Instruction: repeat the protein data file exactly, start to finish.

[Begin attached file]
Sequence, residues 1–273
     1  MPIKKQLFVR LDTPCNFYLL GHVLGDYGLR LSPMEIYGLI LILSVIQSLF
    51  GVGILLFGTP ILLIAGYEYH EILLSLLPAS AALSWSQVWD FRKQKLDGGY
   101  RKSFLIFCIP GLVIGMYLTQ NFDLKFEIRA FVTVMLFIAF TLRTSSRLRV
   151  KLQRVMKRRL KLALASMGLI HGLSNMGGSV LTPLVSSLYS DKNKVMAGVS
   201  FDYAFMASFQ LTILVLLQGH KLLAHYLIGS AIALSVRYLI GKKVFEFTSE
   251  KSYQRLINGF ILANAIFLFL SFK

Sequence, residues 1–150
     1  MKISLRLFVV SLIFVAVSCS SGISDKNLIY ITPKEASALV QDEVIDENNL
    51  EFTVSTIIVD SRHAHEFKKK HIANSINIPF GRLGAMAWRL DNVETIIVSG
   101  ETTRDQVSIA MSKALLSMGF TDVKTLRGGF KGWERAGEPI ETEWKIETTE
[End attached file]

Sequence, residues 1–273
     1  MPIKKQLFVR LDTPCNFYLL GHVLGDYGLR LSPMEIYGLI LILSVIQSLF
    51  GVGILLFGTP ILLIAGYEYH EILLSLLPAS AALSWSQVWD FRKQKLDGGY
   101  RKSFLIFCIP GLVIGMYLTQ NFDLKFEIRA FVTVMLFIAF TLRTSSRLRV
   151  KLQRVMKRRL KLALASMGLI HGLSNMGGSV LTPLVSSLYS DKNKVMAGVS
   201  FDYAFMASFQ LTILVLLQGH KLLAHYLIGS AIALSVRYLI GKKVFEFTSE
   251  KSYQRLINGF ILANAIFLFL SFK

Sequence, residues 1–150
     1  MKISLRLFVV SLIFVAVSCS SGISDKNLIY ITPKEASALV QDEVIDENNL
    51  EFTVSTIIVD SRHAHEFKKK HIANSINIPF GRLGAMAWRL DNVETIIVSG
   101  ETTRDQVSIA MSKALLSMGF TDVKTLRGGF KGWERAGEPI ETEWKIETTE